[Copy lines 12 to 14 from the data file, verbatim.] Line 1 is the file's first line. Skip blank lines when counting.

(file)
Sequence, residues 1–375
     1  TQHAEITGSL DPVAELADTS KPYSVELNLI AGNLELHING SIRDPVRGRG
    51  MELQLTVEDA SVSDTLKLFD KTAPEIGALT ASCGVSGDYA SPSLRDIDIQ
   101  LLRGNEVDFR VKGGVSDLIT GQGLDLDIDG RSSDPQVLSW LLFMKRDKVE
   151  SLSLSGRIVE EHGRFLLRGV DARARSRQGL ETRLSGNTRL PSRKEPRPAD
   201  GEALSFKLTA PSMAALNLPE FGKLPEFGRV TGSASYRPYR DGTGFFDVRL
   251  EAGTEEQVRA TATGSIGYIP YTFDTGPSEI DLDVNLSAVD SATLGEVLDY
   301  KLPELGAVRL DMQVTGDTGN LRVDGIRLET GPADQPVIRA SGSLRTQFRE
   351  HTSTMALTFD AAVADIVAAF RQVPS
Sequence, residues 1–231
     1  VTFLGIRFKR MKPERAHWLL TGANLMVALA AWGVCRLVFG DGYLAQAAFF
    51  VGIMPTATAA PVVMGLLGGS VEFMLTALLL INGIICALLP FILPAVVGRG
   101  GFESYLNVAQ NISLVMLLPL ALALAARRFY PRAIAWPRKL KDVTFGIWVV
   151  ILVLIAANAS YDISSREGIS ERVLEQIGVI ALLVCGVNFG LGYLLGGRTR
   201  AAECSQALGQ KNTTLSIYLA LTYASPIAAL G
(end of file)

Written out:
    51  VGIMPTATAA PVVMGLLGGS VEFMLTALLL INGIICALLP FILPAVVGRG
   101  GFESYLNVAQ NISLVMLLPL ALALAARRFY PRAIAWPRKL KDVTFGIWVV
   151  ILVLIAANAS YDISSREGIS ERVLEQIGVI ALLVCGVNFG LGYLLGGRTR